Scott Neuman

Scott Neuman works as a Digital News writer and editor, handling breaking news and feature stories for NPR.org. Occasionally he can be heard on-air reporting on stories for Newscasts and has done several radio features since he joined NPR in April 2007, as an editor on the Continuous News Desk.

Neuman brings to NPR years of experience as an editor and reporter at a variety of news organizations and based all over the world. For three years in Bangkok, Thailand, he served as an Associated Press Asia-Pacific desk editor. From 2000-2004, Neuman worked as a Hong Kong-based Asia editor and correspondent for The Wall Street Journal. He spent the previous two years as the international desk editor at the AP, while living in New York.

As the United Press International's New Delhi-based correspondent and bureau chief, Neuman covered South Asia from 1995-1997. He worked for two years before that as a freelance radio reporter in India, filing stories for NPR, PRI and the Canadian Broadcasting System. In 1991, Neuman was a reporter at NPR Member station WILL in Champaign-Urbana, IL. He started his career working for two years as the operations director and classical music host at NPR member station WNIU/WNIJ in DeKalb/Rockford, IL.

Reporting from Pakistan immediately following the September 11, 2001 attacks, Neuman was part of the team that earned the Pulitzer Prize awarded to The Wall Street Journal for overall coverage of 9/11 and the aftermath. Neuman shared in several awards won by AP for coverage of the December 2004 Asian tsunami.

A graduate from Purdue University, Neuman earned a Bachelor's degree in communications and electronic journalism.

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The Two-Way
4:36 pm
Tue December 17, 2013

Russia Throws Ukraine Financial Lifeline Amid Popular Unrest

Russian President Vladimir Putin (right) listens to Ukrainian President Viktor Yanukovych in the Grand Kremlin Palace in Moscow, Russia, on Tuesday.
Yuri Kochetkov EPA /Landov

Originally published on Wed December 18, 2013 6:05 am

NPR's Corey Flintoff reports that Russia has agreed to a massive bailout package for Ukraine, a deal that could keep the country from bankruptcy next year – but the deal has outraged the political opposition which has protested closer ties with Moscow.

As we reported on Monday, the deal is aimed at keeping the cash-strapped former Soviet republic in the Russian sphere of influence.

Flintoff reports:

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The Two-Way
6:15 pm
Mon December 16, 2013

Pastor Says He Will Minister To Gays Even If He's Defrocked

The Rev. Frank Schaefer, a United Methodist clergyman convicted of breaking church law for officiating at his son's same-sex wedding, enters a news conference at the Arch Street United Methodist Church in Philadelphia on Monday.
Matt Rourke AP

Originally published on Mon December 16, 2013 7:06 pm

A Methodist minister in Pennsylvania who was suspended after defying church authorities by presiding over his gay son's wedding has vowed to continue his work as a clergyman even if he is defrocked.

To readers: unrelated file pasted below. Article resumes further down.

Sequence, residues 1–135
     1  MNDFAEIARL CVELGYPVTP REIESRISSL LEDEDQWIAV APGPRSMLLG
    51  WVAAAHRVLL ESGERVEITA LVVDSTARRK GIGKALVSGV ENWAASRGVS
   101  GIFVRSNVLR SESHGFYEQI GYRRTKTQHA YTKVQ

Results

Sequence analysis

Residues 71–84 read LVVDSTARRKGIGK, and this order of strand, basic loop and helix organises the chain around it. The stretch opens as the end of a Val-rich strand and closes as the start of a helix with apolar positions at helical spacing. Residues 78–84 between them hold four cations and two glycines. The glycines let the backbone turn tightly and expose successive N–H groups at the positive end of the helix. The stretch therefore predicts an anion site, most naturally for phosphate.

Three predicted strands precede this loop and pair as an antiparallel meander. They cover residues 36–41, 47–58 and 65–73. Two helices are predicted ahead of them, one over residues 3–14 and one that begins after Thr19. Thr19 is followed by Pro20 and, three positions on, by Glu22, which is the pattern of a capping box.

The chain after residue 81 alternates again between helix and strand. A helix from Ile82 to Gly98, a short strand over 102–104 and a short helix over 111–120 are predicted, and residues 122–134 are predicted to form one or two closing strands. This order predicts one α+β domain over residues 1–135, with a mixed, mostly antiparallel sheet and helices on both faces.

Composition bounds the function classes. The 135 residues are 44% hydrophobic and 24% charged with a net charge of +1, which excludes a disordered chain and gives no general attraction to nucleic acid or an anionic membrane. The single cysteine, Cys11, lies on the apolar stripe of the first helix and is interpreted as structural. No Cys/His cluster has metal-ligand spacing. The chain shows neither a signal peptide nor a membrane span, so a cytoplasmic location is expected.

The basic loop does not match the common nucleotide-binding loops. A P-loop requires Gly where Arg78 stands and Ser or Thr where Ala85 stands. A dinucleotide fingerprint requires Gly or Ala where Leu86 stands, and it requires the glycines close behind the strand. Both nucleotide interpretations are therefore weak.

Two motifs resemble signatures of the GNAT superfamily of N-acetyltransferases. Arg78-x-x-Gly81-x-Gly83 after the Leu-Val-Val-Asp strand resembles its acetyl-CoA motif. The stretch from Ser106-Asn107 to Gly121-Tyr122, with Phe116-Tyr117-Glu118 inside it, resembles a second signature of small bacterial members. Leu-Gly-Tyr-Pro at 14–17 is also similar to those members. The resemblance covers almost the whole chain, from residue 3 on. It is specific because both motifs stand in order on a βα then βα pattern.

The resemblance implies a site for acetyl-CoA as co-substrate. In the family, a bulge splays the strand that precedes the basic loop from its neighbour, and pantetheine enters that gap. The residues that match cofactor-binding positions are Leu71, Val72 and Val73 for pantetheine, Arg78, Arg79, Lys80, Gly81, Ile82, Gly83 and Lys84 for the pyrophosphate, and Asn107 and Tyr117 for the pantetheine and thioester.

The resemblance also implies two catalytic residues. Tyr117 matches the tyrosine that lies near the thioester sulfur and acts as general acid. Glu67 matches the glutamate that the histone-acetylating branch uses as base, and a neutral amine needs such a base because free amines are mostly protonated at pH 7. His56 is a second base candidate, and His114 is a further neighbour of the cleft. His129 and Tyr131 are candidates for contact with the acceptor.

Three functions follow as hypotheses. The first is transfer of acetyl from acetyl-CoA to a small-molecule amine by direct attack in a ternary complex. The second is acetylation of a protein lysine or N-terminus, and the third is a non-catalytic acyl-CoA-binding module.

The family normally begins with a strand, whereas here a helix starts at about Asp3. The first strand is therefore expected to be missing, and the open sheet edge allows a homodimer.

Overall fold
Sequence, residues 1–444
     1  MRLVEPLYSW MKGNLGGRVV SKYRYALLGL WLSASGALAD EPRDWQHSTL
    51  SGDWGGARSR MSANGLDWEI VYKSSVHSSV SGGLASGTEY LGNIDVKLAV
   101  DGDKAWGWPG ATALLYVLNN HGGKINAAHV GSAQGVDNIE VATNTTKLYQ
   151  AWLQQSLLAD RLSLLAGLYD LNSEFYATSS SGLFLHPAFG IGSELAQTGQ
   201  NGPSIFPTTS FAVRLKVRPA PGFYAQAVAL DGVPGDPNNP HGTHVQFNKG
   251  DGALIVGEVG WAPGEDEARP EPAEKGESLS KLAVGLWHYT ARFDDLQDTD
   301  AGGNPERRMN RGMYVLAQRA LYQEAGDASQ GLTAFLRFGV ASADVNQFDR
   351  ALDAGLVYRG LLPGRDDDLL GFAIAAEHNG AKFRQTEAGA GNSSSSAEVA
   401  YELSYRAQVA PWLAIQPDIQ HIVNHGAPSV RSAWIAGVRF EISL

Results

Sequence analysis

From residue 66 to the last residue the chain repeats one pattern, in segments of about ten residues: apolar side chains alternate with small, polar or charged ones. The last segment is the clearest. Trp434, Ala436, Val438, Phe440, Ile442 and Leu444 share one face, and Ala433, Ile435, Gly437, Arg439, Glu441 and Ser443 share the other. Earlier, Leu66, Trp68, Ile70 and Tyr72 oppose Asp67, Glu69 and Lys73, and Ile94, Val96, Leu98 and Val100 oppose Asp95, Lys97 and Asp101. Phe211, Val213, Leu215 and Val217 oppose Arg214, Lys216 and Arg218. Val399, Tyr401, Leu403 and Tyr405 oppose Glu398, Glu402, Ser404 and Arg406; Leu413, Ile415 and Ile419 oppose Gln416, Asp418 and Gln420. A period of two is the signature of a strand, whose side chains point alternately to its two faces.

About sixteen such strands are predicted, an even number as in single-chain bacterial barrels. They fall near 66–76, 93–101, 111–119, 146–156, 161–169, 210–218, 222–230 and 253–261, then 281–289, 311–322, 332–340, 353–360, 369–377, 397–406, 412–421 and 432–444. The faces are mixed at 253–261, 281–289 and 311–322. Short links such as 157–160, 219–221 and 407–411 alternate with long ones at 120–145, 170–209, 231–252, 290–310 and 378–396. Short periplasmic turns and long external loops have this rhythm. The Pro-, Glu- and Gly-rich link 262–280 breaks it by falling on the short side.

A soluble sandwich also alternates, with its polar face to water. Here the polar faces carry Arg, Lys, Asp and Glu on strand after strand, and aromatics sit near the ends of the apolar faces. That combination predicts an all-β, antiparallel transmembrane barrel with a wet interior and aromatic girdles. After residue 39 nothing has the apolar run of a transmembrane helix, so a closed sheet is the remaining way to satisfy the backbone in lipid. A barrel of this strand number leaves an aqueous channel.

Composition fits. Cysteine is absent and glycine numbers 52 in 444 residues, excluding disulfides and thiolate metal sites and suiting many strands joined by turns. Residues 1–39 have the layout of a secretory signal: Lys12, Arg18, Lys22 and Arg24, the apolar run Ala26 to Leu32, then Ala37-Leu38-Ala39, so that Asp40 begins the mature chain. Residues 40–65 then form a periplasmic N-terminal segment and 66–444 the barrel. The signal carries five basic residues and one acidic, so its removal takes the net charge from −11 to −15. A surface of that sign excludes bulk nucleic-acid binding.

NPR's John Burnett reports that the Rev. Frank Schaefer was convicted in a church trial last month of violating the Methodist Book of Discipline — which opposes gay marriage — and given a 30-day suspension.

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The Two-Way
2:44 pm
Mon December 16, 2013

Man Who Bilked Millions From Navy Charity Donors Gets 28 Years

Bobby Thompson, whom authorities have identified as Harvard-trained attorney John Donald Cody, looks at the jury as his verdict is read in Cleveland in November.
Tony Dejak AP

Originally published on Mon December 16, 2013 4:33 pm

A man found guilty of masterminding a $100 million fraud involving a Navy veterans charity has been sentenced to 28 years in prison and slapped with a $6 million fine.

Harvard-trained attorney John Cody, 67, went by the alias Bobby Thompson. He was convicted in November of 23 counts, including identity fraud and using a false name in a scam that spanned 40 states, Reuters says.

The news agency writes:

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The Two-Way
5:20 pm
Fri December 13, 2013

2 Students Injured, Suspected Shooter Dead At Colo. High School

Senior Jenni Meyers, center, is hugged by her sister Mary as they leave a church with their mother Julie after they were reunited after a shooting at nearby Arapahoe High School in Centennial, Colo.
Brennan Linsley AP

Originally published on Sat December 14, 2013 6:04 am

A student armed with a shotgun apparently killed himself after opening fire at a Colorado high school, wounding two fellow students, police said Friday.

Arapahoe County Sheriff Grayson Robinson said the armed student entered the school and said he was looking for a specific teacher, calling him by name through the hallways. Robinson said another student confronted the gunman and then was shot.

"The teacher began to understand that he was being looked at [and] exited the school," Robinson said.

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The Two-Way
3:33 pm
Fri December 13, 2013

White House: American Seized In Iran Wasn't On CIA Payroll

A photo provided by Robert Levinson's family shows the retired FBI agent in captivity in April 2011.
AP

Originally published on Fri December 13, 2013 6:37 pm

A day after The Associated Press reported that an ex-FBI agent who went missing in Iran nearly seven years ago was on a rogue mission for the CIA, the White House has reiterated its long-held position that Robert Levinson was not on the U.S. payroll when he disappeared.

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